Establish your credibility and expertise and show people WHY they should do business with you and not someone else. Find and develop ways to be different and stand out in the crowd. This is one of the most important trust based marketing tips.

# 16: The higher up the income ladder you climb, the more you find the people there are being paid more for who they are, not for what they do.  

People buy YOU, not what you are selling. Successful people understand that and they do everything they can to increase their value. Be the type of person you wan to attract.

# 17: Hearing something said one thousand times in not as convincing as seeing it once.  

Most people are visual learners. Whenever you can do a demonstration it will be much more effective than just talking to the prospect, or explaining it. Incorporate live presentations or video presentations into your selling process.

# 18: I have noticed, by the way, that every great salesperson I’ve had to make presentations to me at some point gets a legal pad, sheet of paper, or even a napkin and creates information for me.  

Great salespeople keep it simple. They do the personal touch.

Nothing is more fascinating to most people than themselves

# 19: Nothing is more fascinating to most people than themselves.

Get people talking about themselves. It’s the quickest way to win a friend. You have two ears and one mouth for a reason. Use them in that proportion. The top salespeople are great at asking questions and listening.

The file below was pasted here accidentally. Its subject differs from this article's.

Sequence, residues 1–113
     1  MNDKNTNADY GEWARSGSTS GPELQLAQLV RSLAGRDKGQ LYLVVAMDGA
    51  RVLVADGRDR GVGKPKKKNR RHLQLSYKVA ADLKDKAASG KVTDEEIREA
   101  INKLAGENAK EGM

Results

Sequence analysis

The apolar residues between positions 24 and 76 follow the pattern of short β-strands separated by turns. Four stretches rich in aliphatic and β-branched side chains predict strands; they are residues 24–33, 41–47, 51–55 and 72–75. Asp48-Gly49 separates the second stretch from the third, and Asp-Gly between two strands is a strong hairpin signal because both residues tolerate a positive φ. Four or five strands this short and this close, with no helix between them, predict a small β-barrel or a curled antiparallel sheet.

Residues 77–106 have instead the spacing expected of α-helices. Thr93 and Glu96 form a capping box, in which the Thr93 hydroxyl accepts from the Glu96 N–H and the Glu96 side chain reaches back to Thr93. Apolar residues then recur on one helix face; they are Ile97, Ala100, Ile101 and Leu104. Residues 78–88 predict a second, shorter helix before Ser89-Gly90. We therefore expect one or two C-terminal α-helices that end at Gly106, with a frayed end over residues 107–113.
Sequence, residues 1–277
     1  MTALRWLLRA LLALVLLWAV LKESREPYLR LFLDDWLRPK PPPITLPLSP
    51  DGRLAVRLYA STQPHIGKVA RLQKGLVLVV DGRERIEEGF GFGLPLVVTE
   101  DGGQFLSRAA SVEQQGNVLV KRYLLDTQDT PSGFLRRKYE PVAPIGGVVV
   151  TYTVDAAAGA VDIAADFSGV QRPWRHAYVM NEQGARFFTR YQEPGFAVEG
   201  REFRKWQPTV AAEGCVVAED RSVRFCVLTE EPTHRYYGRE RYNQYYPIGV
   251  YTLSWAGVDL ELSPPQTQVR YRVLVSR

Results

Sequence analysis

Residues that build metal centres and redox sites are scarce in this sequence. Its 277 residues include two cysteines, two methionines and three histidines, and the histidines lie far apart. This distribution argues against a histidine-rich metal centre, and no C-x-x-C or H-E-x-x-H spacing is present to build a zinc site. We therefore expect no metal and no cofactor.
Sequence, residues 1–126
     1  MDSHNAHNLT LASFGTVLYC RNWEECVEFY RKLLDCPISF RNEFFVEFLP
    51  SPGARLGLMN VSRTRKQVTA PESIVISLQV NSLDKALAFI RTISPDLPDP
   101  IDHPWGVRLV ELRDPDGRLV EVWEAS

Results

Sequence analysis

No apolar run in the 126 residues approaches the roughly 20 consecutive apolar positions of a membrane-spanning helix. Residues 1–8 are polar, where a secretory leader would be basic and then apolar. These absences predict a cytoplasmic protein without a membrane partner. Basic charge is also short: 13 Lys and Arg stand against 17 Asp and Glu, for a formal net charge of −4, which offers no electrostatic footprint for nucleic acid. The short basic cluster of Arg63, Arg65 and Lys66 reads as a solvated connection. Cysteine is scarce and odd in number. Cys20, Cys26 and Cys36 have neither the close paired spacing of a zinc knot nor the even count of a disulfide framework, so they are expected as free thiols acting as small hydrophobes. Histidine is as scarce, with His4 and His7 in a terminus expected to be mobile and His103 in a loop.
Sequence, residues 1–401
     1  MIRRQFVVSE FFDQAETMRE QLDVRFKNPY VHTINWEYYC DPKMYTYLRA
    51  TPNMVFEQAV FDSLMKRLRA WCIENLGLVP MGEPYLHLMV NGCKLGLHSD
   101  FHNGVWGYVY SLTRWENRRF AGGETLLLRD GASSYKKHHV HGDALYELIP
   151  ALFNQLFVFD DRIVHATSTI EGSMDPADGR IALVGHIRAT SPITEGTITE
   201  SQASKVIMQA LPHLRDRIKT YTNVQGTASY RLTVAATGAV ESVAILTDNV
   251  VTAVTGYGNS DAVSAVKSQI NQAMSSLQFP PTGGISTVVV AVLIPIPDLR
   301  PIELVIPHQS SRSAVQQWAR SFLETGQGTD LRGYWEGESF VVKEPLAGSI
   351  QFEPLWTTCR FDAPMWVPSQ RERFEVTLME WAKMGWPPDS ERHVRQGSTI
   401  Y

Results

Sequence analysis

# 20: No human desire exceeds the desire to be understood.

Listen to people. Show a genuine interest in others. try to see things from their point of view whenever possible.

# 21: Referrals are always strongest when they come from a person of power or influence.

When someone with influence and credibility gives you a referral, it is much better than just getting one from an ordinary person. Ask for referrals from everyone you talk with.

About Dan Kennedy

Dan Kennedy is quite perhaps the world’s most respected direct response marketer. He is also a successful author, consultant, speaker and trainer. He has personally mentored many of the world’s top marketers.

I have tremendous respect for Dan. I’ve read all of his books and watched most of his videos. If you are trying to master direct response marketing, Dan Kennedy is the man you want to study and emulate.

About the Book

This book was published in August 2012 by Entrepreneur Press. It comes in paperback and Kindle format. The book features 240 pages. The ISBN is 978-1599184401. It has 35 reviews on Amazon with an average 4.3 star rating, as of March 2016. The book is co-authored with Matt Zagula.

Final Thoughts

There you have it folks. These are my favorite trust based marketing tips I learned from Dan Kennedy is his great book No B.S. Trust Based Marketing.

Which quote on this list was your favorite and why? Leave a comment below to let me know what you think. I look forward to hearing from you. Have a great day.

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2 thoughts on “Trust Based Marketing Tips I Learned from Dan Kennedy”

  1. Dan offers some great information and tips that we just do not see in other books. Or, he actually says it in an easier and more understandable way. I especially like #18. We sometimes just need to “draw it out” for people. We need to be willing to be patient and show the way.

    Sounds like a great book Chuck.

    Thanks for sharing.